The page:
Dozens were dead and many more missing in Guatemala after one of the most brutal storms to lash the region in years triggered mudslides that swallowed up houses and turned roads into rivers.
“We still haven’t finished rescuing people. We have people trapped in villages,” President Alejandro Giammattei told reporters at the weekend. He acknowledged that the death toll would rise from the official tally of 27. Officials say more than 100 are missing.
Eta slammed into Nicaragua last Tuesday as a category four storm and weakened on its path through Honduras, but the torrential rains it unleashed left a trail of devastation and heavy rains from Panama to southeastern Mexico.
It has now moved back into the Atlantic and strengthened into a tropical cyclone as it closed in on Cuba. It is expected to reach the Florida Keys by Monday, the US National Hurricane Center said.
In Central America, thousands across an impoverished region already facing worsening economic hardship because of Covid-19 lost their homes and crops — officials estimated at least 13,000 farming families had lost coffee, banana, cardamom and other plantations in Guatemala alone.
Analysts said the storm havoc could fuel migrant flows to the US — a key regional issue in relations with president-elect Joe Biden.
Photographs of the mountains of the Alto Verapaz area showed a brown void in the lush vegetation, gouged by a giant mudslide which obliterated the village of Quejá in north-west Guatemala.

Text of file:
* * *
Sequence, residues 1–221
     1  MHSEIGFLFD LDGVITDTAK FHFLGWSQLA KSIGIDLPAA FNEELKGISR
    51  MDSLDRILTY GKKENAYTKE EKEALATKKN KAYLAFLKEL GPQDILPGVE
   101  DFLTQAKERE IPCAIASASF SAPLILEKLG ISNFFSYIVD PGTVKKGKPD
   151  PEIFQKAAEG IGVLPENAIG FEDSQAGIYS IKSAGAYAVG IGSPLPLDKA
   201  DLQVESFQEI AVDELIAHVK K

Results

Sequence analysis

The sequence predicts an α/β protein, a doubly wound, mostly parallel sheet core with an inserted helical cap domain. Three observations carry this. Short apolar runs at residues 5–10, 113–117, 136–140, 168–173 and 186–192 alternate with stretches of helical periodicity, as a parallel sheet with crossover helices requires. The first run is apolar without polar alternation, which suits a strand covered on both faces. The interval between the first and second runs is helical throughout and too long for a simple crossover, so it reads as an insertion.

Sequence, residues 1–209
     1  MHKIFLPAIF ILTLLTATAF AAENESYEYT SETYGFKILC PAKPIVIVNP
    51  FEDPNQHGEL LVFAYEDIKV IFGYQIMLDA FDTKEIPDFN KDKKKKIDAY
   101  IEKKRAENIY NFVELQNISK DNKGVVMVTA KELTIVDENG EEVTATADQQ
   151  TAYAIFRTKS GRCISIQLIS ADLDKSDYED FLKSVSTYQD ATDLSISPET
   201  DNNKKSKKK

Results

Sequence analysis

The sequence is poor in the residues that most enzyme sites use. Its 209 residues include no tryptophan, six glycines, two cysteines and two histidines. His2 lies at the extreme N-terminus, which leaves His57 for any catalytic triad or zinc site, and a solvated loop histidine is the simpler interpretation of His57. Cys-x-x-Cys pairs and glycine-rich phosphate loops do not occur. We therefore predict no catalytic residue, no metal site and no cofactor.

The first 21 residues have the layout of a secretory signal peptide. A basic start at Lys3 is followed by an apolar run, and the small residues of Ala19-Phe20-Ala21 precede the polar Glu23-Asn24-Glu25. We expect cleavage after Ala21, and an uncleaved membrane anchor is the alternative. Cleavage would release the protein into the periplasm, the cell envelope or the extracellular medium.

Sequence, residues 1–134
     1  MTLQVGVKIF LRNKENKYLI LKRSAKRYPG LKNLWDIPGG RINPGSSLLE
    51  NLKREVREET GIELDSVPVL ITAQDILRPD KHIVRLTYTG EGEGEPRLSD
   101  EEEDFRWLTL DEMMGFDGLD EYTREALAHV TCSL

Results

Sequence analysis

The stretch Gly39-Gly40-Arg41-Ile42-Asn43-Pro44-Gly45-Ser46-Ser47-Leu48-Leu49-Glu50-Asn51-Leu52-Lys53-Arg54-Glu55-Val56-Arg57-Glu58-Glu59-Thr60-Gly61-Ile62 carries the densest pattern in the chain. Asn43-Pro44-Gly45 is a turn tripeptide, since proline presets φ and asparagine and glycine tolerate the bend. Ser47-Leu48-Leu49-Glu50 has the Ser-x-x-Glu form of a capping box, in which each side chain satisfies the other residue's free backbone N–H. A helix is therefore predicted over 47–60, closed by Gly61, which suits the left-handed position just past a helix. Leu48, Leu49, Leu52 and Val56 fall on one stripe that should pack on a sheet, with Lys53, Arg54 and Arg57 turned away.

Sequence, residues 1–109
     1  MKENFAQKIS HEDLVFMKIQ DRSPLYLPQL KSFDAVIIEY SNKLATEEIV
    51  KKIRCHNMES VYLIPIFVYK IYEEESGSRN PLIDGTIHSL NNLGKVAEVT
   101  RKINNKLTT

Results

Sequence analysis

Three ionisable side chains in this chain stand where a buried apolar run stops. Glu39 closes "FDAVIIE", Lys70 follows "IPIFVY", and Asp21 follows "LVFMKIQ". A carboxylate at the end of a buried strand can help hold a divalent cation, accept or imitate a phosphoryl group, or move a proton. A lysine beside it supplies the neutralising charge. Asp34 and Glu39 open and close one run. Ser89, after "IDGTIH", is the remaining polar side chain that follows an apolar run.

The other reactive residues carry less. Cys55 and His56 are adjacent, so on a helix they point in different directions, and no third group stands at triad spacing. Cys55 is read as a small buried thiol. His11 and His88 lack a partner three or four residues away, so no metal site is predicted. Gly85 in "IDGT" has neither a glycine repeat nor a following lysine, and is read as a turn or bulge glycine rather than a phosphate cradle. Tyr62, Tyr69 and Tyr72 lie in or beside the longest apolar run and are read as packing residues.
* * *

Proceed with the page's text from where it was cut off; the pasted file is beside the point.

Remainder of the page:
One resident, in a post aired on social media, said everything had happened in an instant. At least 15 houses were believed to have been swept away, burying residents.
Rescue workers battled on foot through the muddy rubble, before finally reaching the devastated village.
Dr Giammattei, who is a medical doctor, said only one out of three aircraft had made it through to the affected area at the weekend because of bad weather.
Juan Orlando Hernández, Honduras president, said some 7,000 people were still stranded.
Thousands across the region have been moved to shelters as governments mobilised emergency food and rescue operations.
Mr Hernández celebrated the rescue of 500 people, including a two-day-old baby, and in a video posted on social media by the US Joint Task Force Bravo, a soldier could be seen being winched to safety with a toddler in his arms.
US helicopters were also supporting the relief effort in Guatemala, where at least a dozen bridges and four roads had been destroyed by the torrential flows.
As the region’s leaders sent their messages of congratulations to Mr Biden, Eta underscored their reliance on US aid and hopes that the new administration would adopt a more humane approach to immigration from the poverty-stricken region than the clampdown adopted by Donald Trump.
Mr Biden has promised $1bn in aid a year for the so-called Northern Triangle of Guatemala, Honduras and El Salvador. But instead of feeling aid was a “blank cheque” as long as they complied with Mr Trump’s curbs on asylum and migration, aid from the Biden administration “will likely come with conditions — a commitment to fighting corruption, to human rights and the rule of law”, said Maureen Meyer at the Washington Office on Latin America, a think-tank.
The incoming administration is already bracing for potential new caravans of immigrants headed for the US — a prospect Eta only amplified.
Ms Meyer said the storm damage could “cause a renewal” of people seeking so-called temporary protected status in the US — a status granted to Salvadorans, Hondurans and Nicaraguans after natural disasters in the past, that Mr Trump threatened to scrap.